Inside Microsoft’s AI Comeback
Yoshua Bengio has never been one to take sides. As one of the three intellects who shaped the deep learning that now dominates artificial intelligence, he has been catapulted to stardom. It’s a field so new the people who can advance it fit into one room together, and everyone—from tech startups to multinational conglomerates and the department of defense—wants a share of their minds.
But while his peer scientists Yann LeCun and Geoffrey Hinton have signed on to Facebook and Google, respectively, Bengio, 53, has chosen to continue working from his small third-floor office on the hilltop campus of the University of Montreal. “I want to remain a neutral agent,” he says as he sips rust-colored licorice water, which he pours from a carafe that acts as a weight for the mess of papers cluttering his desk.
Like the nuclear scientists of the last century, Bengio understands that the tools he’s invented are powerful beyond measure and must be cultivated with great forethought and widespread consideration. “We don’t want one or two companies, which I will not name, to be the only big players in town for AI,” he says, raising his eyebrows to indicate that we both know which companies he means. One eyebrow is in Menlo Park; the other is in Mountain View. “It’s not good for the community. It’s not good for people in general.”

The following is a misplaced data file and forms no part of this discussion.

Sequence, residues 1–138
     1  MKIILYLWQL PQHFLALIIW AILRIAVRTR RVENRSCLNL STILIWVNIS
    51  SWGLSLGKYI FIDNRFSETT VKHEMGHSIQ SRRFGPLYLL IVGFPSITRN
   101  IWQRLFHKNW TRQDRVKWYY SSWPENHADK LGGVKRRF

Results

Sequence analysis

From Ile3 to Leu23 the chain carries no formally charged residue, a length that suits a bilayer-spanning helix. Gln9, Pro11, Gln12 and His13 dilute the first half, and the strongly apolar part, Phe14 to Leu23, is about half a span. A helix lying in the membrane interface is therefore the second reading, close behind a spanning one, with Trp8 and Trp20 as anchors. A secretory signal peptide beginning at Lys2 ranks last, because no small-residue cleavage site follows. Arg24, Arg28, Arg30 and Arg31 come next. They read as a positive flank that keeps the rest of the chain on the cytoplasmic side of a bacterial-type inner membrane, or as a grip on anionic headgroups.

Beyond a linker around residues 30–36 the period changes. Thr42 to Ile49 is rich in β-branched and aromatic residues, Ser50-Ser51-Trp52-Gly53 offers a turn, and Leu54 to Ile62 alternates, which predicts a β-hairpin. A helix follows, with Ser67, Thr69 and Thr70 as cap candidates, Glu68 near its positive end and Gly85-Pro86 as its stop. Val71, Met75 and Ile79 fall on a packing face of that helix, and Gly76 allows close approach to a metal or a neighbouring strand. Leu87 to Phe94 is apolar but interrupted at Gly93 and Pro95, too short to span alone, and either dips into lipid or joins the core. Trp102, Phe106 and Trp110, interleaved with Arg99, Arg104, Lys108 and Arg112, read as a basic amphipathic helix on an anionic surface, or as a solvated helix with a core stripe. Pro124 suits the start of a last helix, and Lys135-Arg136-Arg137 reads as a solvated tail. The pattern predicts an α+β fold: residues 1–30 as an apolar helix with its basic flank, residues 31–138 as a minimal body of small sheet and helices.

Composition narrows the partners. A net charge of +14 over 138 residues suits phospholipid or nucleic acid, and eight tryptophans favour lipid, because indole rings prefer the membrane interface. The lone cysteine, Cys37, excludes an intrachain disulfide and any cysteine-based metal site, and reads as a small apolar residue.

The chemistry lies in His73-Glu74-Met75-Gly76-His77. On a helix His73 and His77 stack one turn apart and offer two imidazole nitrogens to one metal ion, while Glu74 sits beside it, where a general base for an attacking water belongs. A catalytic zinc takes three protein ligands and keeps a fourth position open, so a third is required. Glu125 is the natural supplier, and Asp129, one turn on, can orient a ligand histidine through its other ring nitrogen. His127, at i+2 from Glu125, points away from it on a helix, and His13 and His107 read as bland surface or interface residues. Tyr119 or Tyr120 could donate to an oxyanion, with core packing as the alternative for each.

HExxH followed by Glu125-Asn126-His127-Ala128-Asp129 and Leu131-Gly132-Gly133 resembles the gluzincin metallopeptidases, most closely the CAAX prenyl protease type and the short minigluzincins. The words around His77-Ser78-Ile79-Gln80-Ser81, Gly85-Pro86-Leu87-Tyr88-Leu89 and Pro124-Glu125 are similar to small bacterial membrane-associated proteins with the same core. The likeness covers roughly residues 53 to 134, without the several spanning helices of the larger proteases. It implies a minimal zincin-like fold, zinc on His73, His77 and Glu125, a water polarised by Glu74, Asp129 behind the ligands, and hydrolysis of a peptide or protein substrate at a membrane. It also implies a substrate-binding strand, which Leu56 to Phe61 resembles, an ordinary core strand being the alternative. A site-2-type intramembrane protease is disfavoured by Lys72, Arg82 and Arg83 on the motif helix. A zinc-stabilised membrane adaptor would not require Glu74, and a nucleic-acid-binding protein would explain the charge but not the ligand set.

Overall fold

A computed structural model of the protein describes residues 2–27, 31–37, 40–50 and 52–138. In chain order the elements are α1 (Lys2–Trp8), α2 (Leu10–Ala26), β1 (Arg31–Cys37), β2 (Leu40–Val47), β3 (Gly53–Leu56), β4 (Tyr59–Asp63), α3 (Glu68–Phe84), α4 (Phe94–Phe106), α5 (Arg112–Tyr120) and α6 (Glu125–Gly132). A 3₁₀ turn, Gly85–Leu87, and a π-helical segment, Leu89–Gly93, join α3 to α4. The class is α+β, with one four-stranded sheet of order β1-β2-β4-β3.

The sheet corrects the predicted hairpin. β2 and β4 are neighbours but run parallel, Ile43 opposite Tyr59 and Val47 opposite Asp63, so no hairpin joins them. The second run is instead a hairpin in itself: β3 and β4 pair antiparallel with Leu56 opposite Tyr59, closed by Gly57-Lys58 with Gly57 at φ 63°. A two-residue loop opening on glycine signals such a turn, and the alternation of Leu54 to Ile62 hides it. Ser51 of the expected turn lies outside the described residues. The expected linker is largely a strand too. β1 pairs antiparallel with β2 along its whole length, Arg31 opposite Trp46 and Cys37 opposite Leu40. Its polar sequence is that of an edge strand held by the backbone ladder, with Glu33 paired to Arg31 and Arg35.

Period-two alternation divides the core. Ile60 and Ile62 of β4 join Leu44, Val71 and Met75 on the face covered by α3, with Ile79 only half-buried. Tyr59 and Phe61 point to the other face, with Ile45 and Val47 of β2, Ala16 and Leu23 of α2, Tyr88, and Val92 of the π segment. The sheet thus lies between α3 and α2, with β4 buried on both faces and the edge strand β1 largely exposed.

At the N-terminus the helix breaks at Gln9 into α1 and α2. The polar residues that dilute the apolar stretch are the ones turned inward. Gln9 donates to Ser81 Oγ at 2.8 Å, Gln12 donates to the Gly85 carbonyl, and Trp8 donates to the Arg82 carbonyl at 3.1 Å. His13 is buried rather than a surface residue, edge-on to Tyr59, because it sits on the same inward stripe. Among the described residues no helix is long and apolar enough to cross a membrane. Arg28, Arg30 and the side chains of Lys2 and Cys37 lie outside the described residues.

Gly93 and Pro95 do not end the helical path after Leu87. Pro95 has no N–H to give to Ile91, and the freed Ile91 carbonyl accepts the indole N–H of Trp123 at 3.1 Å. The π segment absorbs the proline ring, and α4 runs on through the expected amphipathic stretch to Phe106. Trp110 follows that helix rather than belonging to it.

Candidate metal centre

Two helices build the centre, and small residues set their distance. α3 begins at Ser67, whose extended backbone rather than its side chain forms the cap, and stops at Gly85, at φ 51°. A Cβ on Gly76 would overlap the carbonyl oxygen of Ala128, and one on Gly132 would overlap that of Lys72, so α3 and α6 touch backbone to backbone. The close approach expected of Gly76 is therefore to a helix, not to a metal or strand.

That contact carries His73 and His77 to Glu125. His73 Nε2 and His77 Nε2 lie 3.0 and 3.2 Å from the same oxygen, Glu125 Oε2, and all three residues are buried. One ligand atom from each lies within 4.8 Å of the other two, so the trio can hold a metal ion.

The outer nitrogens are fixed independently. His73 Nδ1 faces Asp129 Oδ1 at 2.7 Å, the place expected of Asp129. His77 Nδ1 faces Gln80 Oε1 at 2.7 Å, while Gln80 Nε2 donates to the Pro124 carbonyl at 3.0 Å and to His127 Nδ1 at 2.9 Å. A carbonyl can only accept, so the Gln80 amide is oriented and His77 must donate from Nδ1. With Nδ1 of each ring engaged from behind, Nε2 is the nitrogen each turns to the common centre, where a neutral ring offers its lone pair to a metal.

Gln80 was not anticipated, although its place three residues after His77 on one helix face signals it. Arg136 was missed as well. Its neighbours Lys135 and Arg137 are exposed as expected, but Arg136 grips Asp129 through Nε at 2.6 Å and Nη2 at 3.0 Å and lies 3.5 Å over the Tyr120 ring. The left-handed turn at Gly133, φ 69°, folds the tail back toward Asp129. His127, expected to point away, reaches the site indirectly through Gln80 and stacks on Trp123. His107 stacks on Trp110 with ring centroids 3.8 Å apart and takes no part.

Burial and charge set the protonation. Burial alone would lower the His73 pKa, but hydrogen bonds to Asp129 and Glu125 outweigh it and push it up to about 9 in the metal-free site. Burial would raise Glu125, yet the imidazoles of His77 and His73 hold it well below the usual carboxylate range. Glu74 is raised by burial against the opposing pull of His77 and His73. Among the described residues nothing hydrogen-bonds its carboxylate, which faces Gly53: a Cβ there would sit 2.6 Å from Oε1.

That’s why Bengio has recently chosen to sign on with Microsoft.
Yes, Microsoft. His bet is that the former kingdom of Windows alone has the capability to establish itself as AI’s third giant. It’s a company that has the resources, the data, the talent, and—most critically—the vision and culture to not only realize the spoils of the science, but also push the field forward. In January, in a move noted throughout the industry, Bengio agreed to be a strategic advisor to the company. This gives Microsoft a direct line to one of AI’s top resources for ideas, talent, and direction. And it’s a strong sign that Microsoft actually has a shot at making the ruling AI duo into a trio.
Read more at Wired.